Slurry is a mixture of flour/starch and cold water or any other liquid.

It doesn’t need to be cooked first.

It’s used to thicken sauces or stews at the end of cooking.

So, roux and slurry have common purpose, but their methods and ingredients are different.

Chefs should choose the right method for the consistency and flavor they want.

Next time you’re cooking, remember to choose between roux and slurry.

When to Use Roux or Slurry in Recipes

Roux and slurry are two thickening options.

Roux is a mix of flour and fat, and it’s often used in gravies, sauces, and soups.

It takes longer to cook, so it has a thicker consistency and a stronger flavor.

Slurry is a mix of cornstarch or other starch with cold liquid.

Use this for quick thickening in stir-fries or fruit fillings.

Pick the right one for your recipe.

Try out both and you’ll have a wild culinary journey.


In conclusion, it’s important to be familiar with roux vs slurry when it comes to cooking.

While the two may have different appearance and consistency, they both add a dimension of flavor that’s hard to replicate any other way.

Roux works best in sauces and gravies whereas slurry works excellent for thickening liquids.

It’s also important to know that not all recipes require either product.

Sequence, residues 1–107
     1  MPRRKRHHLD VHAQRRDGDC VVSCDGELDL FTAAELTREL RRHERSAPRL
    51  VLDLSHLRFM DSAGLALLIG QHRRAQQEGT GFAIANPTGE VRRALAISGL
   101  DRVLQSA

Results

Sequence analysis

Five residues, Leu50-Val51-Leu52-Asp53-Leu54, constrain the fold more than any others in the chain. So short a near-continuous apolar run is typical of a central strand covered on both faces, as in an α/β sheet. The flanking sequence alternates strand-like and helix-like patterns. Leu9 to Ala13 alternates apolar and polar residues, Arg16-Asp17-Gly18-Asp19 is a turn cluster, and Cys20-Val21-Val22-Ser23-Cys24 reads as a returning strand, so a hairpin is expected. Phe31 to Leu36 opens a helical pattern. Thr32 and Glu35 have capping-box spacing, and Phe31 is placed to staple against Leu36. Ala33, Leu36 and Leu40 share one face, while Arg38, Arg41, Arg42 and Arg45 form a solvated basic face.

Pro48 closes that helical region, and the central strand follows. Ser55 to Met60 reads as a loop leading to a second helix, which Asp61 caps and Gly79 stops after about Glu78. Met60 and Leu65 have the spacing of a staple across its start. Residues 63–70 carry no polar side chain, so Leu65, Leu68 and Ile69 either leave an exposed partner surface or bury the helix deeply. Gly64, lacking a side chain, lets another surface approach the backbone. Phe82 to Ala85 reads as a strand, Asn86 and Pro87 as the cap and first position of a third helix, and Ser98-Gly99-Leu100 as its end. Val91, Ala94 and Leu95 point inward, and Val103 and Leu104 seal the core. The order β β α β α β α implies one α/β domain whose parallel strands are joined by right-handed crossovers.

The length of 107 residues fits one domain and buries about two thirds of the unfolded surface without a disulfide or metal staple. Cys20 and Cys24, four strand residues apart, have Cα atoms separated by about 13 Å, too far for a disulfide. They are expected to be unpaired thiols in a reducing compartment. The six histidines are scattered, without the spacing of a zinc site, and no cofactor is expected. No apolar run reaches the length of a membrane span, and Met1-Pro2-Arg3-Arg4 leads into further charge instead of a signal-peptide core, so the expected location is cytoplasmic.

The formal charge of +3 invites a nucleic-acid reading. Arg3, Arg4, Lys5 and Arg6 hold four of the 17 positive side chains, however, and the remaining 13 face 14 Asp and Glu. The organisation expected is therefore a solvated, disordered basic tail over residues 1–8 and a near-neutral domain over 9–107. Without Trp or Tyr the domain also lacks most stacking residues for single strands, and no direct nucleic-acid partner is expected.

Knowing how to make a roux or a slurry can turn an average meal into a five-star feast.

Finally, if you get stuck in the kitchen when making either of these two amazing ingredients, don’t worry.

As long as you don’t get too discouraged and remember the basics of roux vs slurry, you can conquer the kitchen.

After all, experimentation and practice is what helps bring out your inner genius chef.

Roux vs Slurry: What’s the Difference?

Exploring the nuances between roux and slurry? Your culinary journey just got simpler! Uncover the key distinctions between roux and slurry with our guide. We break down the differences to help you master the art of thickening sauces and soups with confidence.
5 from 1 vote
Prep Time 15 minutes
Cook Time 15 minutes
Total Time 30 minutes
Course This vs That
Servings 1 Serving


  • Roux
  • Slurry


  • Choose between roux and slurry based on your recipe’s requirements.
  • For roux, melt butter and whisk in flour until it forms a paste, then add to your dish for thickness.
  • For slurry, mix equal parts cold liquid and cornstarch, then add to your dish for thickening.
  • Stir your chosen thickening agent into your dish until the desired consistency is achieved.
  • Enjoy your perfectly thickened creation, whether it’s a silky sauce or hearty stew.
Keyword Roux vs Slurry